"Bearings: The Female Figure," Mar. 30-Apr. 23, 2006, at PS122 Gallery, 150 First Avenue, New York, N.Y. 10009.
As our colleague Jerry Saltz might ask, "What would the art world look like if it solely consisted of works by women?" Part of the answer lies in an exquisitely installed show curated by the photographer Allen Frame at PS122 Gallery on East Ninth Street called "Bearings: the Female Figure," which consists of meditations on women by women in various media.
While some minor pieces by Sue Williams and Kiki Smith are included, the majority of the artwork is by little known, under-represented female artists. The show in toto is greater than the sum of its parts, indeed the installation in PS122's tiny, venerable space is one piece essentially, but there are nevertheless some gems here. The exhibition is only up for 12 days, Thursday through Sunday, until Apr. 23, 2006, and the prices are dirt cheap, so here goes --
Francesca Romeo shows Eleanor at 10 AM, a dark C-print of a naked woman sucking in a cigarette, part of her "Addiction" series, $700 in an edition of ten.
Pam Butler's psycho watercolors of Miss America contestants are a bargain at $375 apiece, framed. There's a riotous parody of Justine Kurland's nature photos by Jeanine Oleson and Ellen Lesperance called Bigfoot and Nioka 1, $2,300 for the C-print, edition of seven.
Especially beautiful is Sarah Lavigne’s black-and-white snap of a besotted, starry-eyed brunette kissing her blonde bride, $1,200, edition of seven. Barbara Nitke's charged but poignant 1983 portrait of porn actors, one tran, one not, with dildoes, called Mitch and Tiffany Clark, is a steal at $1,000.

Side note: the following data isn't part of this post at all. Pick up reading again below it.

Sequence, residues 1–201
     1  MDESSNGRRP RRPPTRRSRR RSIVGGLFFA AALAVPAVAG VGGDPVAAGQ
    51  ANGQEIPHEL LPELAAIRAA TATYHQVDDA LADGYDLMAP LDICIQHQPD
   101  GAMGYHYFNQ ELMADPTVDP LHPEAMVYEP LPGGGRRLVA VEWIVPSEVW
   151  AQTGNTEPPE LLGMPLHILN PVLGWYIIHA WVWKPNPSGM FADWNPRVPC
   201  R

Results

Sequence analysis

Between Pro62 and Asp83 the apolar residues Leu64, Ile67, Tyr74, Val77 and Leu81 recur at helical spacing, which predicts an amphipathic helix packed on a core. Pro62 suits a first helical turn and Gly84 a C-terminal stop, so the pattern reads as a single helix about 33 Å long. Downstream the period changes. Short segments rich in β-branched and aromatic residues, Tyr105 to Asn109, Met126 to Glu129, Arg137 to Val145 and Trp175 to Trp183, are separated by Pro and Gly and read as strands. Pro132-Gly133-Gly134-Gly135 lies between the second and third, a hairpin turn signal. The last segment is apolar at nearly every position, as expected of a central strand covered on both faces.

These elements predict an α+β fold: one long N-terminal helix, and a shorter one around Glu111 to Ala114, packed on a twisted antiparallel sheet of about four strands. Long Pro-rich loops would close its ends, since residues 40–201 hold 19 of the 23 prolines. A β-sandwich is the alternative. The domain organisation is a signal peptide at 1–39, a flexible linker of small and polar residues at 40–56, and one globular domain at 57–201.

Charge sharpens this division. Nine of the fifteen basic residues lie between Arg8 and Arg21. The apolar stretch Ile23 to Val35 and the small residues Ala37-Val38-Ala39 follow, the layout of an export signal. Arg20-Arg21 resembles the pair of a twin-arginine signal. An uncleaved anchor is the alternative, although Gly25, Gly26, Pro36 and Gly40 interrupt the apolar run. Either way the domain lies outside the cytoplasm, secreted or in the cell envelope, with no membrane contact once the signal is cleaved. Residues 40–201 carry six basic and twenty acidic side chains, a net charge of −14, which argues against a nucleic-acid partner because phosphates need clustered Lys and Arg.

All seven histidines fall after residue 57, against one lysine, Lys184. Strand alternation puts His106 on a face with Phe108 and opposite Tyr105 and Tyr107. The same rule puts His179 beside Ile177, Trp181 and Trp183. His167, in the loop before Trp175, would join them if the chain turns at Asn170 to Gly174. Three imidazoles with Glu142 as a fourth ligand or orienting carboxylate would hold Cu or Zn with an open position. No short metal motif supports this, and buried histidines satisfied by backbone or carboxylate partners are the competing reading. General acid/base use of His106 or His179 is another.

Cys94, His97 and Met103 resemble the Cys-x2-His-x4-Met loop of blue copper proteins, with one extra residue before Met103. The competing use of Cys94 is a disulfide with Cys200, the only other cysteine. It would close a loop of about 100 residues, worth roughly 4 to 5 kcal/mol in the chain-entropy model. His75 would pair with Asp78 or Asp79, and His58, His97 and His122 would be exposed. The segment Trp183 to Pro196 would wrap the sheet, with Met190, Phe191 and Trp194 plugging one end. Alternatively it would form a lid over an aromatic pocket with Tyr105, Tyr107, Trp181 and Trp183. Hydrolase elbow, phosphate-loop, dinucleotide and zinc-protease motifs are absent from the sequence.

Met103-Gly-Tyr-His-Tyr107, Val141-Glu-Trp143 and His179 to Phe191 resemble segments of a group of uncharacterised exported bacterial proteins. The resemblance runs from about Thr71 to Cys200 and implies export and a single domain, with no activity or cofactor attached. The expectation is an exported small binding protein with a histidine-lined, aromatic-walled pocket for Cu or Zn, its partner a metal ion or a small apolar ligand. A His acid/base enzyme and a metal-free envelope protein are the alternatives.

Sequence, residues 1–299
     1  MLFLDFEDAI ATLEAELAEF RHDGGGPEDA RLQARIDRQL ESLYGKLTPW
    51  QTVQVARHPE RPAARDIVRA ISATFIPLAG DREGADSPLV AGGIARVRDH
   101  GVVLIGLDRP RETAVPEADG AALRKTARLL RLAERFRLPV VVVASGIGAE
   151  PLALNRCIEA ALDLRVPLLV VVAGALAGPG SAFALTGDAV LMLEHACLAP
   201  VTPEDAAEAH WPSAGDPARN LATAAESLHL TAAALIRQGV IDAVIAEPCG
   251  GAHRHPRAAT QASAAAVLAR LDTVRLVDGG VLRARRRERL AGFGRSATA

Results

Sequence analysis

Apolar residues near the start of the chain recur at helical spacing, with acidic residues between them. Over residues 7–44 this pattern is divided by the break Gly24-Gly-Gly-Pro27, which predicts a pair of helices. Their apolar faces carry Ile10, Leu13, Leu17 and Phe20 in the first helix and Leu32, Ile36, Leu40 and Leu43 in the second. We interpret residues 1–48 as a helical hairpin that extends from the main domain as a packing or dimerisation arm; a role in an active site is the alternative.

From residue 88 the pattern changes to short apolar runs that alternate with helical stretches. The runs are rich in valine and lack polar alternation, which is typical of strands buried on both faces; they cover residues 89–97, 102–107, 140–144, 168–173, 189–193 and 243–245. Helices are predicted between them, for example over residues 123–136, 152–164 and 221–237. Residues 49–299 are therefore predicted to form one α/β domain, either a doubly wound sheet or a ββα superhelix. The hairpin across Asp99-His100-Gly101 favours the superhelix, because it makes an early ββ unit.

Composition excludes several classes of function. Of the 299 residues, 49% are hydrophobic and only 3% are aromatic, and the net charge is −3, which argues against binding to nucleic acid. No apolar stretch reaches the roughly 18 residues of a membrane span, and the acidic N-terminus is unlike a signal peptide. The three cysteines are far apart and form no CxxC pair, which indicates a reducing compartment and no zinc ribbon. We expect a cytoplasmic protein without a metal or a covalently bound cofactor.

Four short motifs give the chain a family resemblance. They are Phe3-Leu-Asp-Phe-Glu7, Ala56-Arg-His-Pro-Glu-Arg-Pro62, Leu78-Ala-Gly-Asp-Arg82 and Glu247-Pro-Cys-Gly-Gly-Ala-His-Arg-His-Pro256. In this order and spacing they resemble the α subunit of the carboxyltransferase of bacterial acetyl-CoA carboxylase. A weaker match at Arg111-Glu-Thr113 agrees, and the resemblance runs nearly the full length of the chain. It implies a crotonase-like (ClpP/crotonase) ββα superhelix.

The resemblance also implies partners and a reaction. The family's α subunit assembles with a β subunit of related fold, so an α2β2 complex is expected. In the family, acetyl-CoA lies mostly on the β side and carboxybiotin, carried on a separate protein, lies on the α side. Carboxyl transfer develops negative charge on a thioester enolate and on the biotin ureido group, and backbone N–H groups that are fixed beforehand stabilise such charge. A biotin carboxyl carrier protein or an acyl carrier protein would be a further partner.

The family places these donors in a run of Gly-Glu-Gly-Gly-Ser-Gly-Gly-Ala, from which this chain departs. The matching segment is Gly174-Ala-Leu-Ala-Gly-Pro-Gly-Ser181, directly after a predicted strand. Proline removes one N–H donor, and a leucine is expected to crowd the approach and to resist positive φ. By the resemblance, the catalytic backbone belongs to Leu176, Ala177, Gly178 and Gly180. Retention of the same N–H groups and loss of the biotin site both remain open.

Moving up the price ladder, veteran Washington conceptual artist Laura Elkins exhibits Atomic Mamie, her wistful, classic portrait of Mamie Eisenhower, part of her "First Ladies" series, priced at $6,500. Elinor Carucci, who's represented by the Edwynn Houk Gallery, has an operatic color shot of her mother and herself frolicking naked in bed, $5,500, edition of eight.
"Bearings" is a fascinating commentary on the influence of and inspiration for the Yale school of female photographers such as Katy Grannan and Malerie Marder, which exploded with the "Another Girl, Another Planet" exhibition at Greenberg Van Doren Gallery six years ago. Clearly, work by women about women, whether Berthe Morisot, Imogen Cunningham or whomever, long preceded that groundbreaking curation, though the "Planet" show has since blanketed the creative consciousness of women artists. The "Bearings" installation contains many works that are clearly derivative of its tenets.
The question "Bearings" posits is this: "Is there a female-on-female gaze that is more empathetic, more nuanced and even more saccharine than the male variety?" To quote Molly Bloom, the answer is "Yes," and the soft touch such work elicits is a pianissimo feminism, quietly alluring, thoughtful and much needed by the Chelsea establishment.
Its epitome in "Bearings" is Carrie Levy's saucy take on Gerhard Richter's elegant portrait of the back of his daughter's head. The blonde, naked head and shoulders laugh at and with us, from behind, as if to say that the truly feminine remains unseen in our world, and must be mined and divined. In other words, try a little tenderness.
CHARLIE FINCH is co-editor of Most Art Sucks: Five Years of Coagula (Smart Art Press).